Conwy has the best castle and Medieval walls!
We parked the car, did a quick reconnaissance loop around the town of Conwy, then stopped into what used to be the Bank of Conwy for a pint. Lovely building - nice atmosphere. Afterwards, we had a pizza dinner with Malbec wine in the restaurant at the Bridge Inn and went promptly to bed. Alex was getting a cold and I was exhausted. We had a long ambitious day coming up.
|Edward I fountain|
And off we were...first stop, tourism office. The nice gentleman gave us a map and told us to do five things:
1) Walk to the highest part of the wall for the best views
2) Visit Plas Mawr – Elizabethan Mansion House
3) Visit Conwy Castle on a two-fer ticket with Plas Mawr
4) Visit Aberconwy, the 14th Century Merchant's house
5) Visit the church which predates the castle
5) See the smallest house in Great Britain
We added a visit to Drew Pritchard's shop, and we were about to become tourists with a vengeance.
We started with Plas Mawr which I loved and Alex thought was okay. It's a very well restored Elizabethan period home - that's Elizabeth I, the one that Grace O'Malley visited and who reigned from 1558 to 1603. This was the oldest house I've ever been to and I loved it. Stunning plasterwork and very well preserved. The attic was way cool, with massive timber beams. Imagining all the people that passed through here was great fun. It was highly decorated and a very rich home for the time. Check!
|Plasterwork in the reception room in Plas Mawr.|
Next was Drew Pritchard's shop across the street. It was underwhelming. Small and few things of interest. A young woman sat at a desk working away while we perused the goods, some of which I recognised from the show. As I got towards the back, a door opened in front of me, Drew stepped out, scowled, and stepped back in. He slammed closed the door after shouting to the young woman, who shouted back. Yep, exactly the curmudgeon we had surmised he was. Check!
|Drew Pritchard's shop of Salvage Hunters on TV|
We crossed an alley and realized we were at the old church. When the English came to Wales and started building their fortified castles to establish control, they evicted the Welsh from prime land and built castles on their sites. This church was originally the Cistercian Aberconwy Abbey founded in 1172, but in 1283 King Edward I of England moved the Abbey to Maenan. Today the Church of St Mary & All Saints is the Anglican parish church of Conwy. The parish registers date back to 1541. The church was lovely and plain, with heavy beams reminiscent of maritime construction. The stained glass windows date mostly from the 1800s. Check!
|Church of St. Mary & All Saints|
Next was the wall. Nothing is really far in Conwy. We found a stairway to the top not far from our hotel. The highest part of the wall was dizzying and indeed well worth a visit. You can walk the entire length of the wall and it is well preserved. The round towers are only partially complete but the wall itself is a great pedestrian thoroughfare with periodic stairs by which to enter or exit. Check!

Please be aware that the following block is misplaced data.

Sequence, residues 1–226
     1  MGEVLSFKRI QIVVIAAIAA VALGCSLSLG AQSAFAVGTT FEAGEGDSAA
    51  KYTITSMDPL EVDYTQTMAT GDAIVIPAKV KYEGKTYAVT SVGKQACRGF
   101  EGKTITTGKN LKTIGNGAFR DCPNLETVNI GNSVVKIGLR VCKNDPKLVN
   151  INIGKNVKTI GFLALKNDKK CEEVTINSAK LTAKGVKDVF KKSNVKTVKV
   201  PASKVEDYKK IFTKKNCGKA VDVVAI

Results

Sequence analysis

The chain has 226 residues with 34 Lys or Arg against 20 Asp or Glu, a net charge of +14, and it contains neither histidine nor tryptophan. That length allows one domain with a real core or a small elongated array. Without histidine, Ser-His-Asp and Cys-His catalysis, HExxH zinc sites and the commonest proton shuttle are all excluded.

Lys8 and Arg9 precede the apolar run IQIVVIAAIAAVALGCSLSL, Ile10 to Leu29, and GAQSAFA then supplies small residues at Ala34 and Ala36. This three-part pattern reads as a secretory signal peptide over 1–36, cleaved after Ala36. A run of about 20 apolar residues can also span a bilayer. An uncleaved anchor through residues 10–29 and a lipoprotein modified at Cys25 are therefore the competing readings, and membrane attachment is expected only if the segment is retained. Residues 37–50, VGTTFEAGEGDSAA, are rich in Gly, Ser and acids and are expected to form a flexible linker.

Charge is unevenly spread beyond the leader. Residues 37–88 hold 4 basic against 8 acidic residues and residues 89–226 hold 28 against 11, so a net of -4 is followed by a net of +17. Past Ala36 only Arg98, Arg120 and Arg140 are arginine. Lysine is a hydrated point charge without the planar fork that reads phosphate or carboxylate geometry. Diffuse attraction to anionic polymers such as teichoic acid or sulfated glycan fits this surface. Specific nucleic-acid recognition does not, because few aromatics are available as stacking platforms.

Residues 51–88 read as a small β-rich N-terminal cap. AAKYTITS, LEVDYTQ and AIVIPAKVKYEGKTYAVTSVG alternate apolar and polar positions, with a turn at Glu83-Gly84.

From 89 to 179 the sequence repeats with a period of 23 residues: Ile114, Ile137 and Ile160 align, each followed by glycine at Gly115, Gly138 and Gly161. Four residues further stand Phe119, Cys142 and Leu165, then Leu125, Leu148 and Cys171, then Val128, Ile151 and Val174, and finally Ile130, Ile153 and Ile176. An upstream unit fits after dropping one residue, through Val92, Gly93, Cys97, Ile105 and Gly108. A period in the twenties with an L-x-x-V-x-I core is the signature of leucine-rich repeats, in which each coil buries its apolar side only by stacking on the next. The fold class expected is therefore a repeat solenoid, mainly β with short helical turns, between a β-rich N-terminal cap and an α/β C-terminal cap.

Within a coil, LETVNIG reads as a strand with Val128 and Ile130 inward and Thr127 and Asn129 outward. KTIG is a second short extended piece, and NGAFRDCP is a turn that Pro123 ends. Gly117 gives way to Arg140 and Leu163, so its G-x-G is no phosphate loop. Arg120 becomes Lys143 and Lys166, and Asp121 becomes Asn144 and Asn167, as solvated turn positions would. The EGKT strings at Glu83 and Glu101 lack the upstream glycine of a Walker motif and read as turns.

|View over Conwy from the city wall|
We walked down to the waterfront in search of lunch. We'd seen a fisherman's fish and chips joint, but it smelled of stale oil and was unpleasant in atmosphere, mainly just take out. We did see the smallest house in GB on the waterfront but it was closed at the time. Check! We ended up in a lovely little cafe called Amelie's and were delighted with a light lunch and a cheerful place to rest our weary limbs. Check!
|The smallest house in Great Britain.|
After lunch, we braved Conwy Castle, which looked huge and overwhelming at that stage. It was a challenge to even find the entrance (across the street from the castle - go figure). There's a short video which tells the history and is worth seeing, and there are four towers, all scalable. It was built between 1283 and 1289 - amazing! Classed as a UNESCO World Heritage site, Conwy is considered to be one of "the finest examples of late 13th century and early 14th century military architecture in Europe". Sections of the castle have been restored and house artifacts and exhibits. This castle was the only one in Wales that Edward I managed to complete. He lived in it for only a short period at great expense, but there must have been a massive entourage living there full time. I imagined it like a four-story giant self-contained mall with living quarters, restaurants, churches, the works enclosed within its structure. It could withstand a long siege and it did.
|Conwy Castle from the wall.|
The chapel tower was the most impressive. It had a small chapel and a room across from it high above with a window from which Edward could observe the services without attending. Curious. Was he afraid to be amongst his subjects? Was he antisocial? Was he phobic? But it was a very interesting wing, and the views from above over the three bridges and the harbour and town were fantastic. Check!
|Conwy Castle from the Chapel Tower|
Last on the list was Aberconwy House but alas it had already closed for the day. Oh well. We bought a couple of gifts in their shop and went home to contemplate dinner.
After a brief rest, we came to and decided to go to the Erskine Arms Hotel down the street for dinner. The owner of the Bridge Inn had recommended it and it looked nice and was very close by. Ticked all the boxes. We had a lovely dinner in their pleasant dining room and sauntered back to the inn for a sleep. We had done Conwy. Check!
We'd be heading home by ferry from Holyhead to Dublin mid-day. It had been a delightful trip and Wales had surprised us. I'm actually wondering why Wales doesn't advertise holidays to the Irish. If I'd known about it, I'd have wanted to visit sooner. Now I am glad I did.
Lots of photos follow...sorry.